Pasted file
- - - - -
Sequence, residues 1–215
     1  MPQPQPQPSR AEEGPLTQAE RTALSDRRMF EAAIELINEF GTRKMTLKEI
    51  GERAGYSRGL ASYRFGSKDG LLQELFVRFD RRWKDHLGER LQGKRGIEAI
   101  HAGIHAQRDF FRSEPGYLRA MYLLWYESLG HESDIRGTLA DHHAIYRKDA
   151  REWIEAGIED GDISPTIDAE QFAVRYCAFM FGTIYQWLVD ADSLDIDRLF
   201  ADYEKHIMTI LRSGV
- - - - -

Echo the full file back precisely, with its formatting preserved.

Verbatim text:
Sequence, residues 1–215
     1  MPQPQPQPSR AEEGPLTQAE RTALSDRRMF EAAIELINEF GTRKMTLKEI
    51  GERAGYSRGL ASYRFGSKDG LLQELFVRFD RRWKDHLGER LQGKRGIEAI
   101  HAGIHAQRDF FRSEPGYLRA MYLLWYESLG HESDIRGTLA DHHAIYRKDA
   151  REWIEAGIED GDISPTIDAE QFAVRYCAFM FGTIYQWLVD ADSLDIDRLF
   201  ADYEKHIMTI LRSGV